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Re: HTTPS everywhere!

On Sat, 2014-06-21 at 17:58 +0200, Christoph Anton Mitterer wrote:
> Take Turktrust as an example... IIRC the case correctly, they
> "accidentally" (whoever believes that) issued a cert which was a
> intermediate CA and which was used to issue forged Google certs.
> After days and only after long discussion they only blocked these
> certs... and Turktrust itself is still in (see
> https://bugzilla.mozilla.org/show_bug.cgi?id=826666 or some similar
> reports from others) even though they proved that they're either not
> competent enough to run a CA or they're evil.
> And such CAs (even though they're not big enough not to fail) are not
> removed, which proves: the reason to be in the Mozilla bundle (i.e.
> considered to be trustworthy) <-> money
> Same example CNNIC... governmental controlled CA from a dictatorial
> communist country which is known for heavy espionage against their own
> and foreign citizens => absolutely untrustworthy per se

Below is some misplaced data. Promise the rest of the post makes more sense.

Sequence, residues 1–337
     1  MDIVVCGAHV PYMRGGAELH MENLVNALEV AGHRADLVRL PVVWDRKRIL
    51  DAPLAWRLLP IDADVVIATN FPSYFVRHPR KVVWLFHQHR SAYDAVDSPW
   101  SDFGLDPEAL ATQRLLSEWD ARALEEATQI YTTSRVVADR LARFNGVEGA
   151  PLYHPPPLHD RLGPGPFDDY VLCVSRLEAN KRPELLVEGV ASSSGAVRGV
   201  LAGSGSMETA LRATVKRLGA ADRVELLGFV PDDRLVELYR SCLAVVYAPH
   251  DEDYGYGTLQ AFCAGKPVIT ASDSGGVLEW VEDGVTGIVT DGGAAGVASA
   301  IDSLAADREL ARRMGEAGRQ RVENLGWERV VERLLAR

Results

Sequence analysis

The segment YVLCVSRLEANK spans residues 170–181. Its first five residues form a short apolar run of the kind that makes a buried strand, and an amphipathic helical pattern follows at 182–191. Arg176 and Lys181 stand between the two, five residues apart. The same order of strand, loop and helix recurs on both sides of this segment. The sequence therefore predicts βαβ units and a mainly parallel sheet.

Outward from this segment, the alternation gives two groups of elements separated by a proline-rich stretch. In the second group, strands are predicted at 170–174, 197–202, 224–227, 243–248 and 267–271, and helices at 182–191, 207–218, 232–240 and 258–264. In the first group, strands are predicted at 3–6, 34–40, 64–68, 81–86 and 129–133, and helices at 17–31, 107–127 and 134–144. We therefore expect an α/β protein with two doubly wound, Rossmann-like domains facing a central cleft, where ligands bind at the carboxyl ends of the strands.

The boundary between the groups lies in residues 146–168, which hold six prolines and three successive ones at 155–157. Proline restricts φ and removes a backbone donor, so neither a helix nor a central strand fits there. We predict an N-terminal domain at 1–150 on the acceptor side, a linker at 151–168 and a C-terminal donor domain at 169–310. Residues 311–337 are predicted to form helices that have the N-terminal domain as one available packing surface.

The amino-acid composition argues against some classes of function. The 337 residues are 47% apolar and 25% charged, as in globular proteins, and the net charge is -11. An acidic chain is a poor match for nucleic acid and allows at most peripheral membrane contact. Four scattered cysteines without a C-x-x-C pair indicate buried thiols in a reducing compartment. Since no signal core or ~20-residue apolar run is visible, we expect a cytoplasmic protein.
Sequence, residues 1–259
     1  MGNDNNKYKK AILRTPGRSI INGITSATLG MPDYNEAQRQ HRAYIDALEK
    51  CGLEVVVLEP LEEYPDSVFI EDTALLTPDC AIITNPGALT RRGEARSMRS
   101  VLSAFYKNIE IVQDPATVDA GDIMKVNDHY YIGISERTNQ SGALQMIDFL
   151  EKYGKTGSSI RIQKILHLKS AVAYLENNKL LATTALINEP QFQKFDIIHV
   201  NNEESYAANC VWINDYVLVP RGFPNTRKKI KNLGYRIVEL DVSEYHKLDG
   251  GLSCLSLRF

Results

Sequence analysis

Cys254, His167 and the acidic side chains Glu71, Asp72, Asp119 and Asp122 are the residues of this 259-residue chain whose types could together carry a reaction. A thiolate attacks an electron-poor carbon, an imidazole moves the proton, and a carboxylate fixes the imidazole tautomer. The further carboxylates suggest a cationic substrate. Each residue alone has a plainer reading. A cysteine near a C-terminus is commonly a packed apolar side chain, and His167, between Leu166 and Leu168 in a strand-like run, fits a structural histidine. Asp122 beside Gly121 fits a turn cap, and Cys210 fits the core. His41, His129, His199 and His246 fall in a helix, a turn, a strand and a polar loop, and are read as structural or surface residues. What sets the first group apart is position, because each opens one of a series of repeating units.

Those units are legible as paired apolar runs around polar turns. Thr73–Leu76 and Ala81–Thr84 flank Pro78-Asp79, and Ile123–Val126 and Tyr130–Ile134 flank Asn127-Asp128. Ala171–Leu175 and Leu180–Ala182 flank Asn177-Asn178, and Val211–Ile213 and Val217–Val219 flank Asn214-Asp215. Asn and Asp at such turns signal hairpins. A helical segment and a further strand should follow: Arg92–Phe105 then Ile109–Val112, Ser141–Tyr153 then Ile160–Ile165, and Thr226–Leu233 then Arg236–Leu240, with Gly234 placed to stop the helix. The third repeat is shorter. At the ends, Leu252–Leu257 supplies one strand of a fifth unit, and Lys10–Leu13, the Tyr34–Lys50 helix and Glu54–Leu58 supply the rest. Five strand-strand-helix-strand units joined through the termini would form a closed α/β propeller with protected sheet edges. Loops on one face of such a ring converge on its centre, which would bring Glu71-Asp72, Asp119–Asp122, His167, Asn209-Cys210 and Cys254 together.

> Any US based CA: national security letters + gag orders => absolutely
> untrustworthy per se

The problem isn't that government security agencies can in all
likelihood MITM any connection they wish.  I'm sure that's true, but I'm
equally sure they don't do it that often for fear of being caught.  It's
actually far worse than that.  The problem is where I live every school,
most government organisations, and many private organisations routinely
MITM https connections passing through their infrastructure.

Given that is so, I am struggling to understand what you hope to achieve
by setting up yet another CA.  You are operating over the same
infrastructure, with all it's problems.

There is one easy way to tighten things up.  Currently, if a Debian user
wants a netinst the best option we offer him is to use
https://www.debian.org/CD/netinst/ and rely on the X.509 PKI to ensure
he is getting the real McCoy.  That makes the download step the weakest
link in the chain, because if I can substitute that netinst for one that
includes my keys in the keyring package, I own him.  And given the state
of X.509 PKI, substituting it is relatively easy.

For existing Debian users, closing that loophole is easy: make netinst a
package, that can be downloaded and installed using apt.

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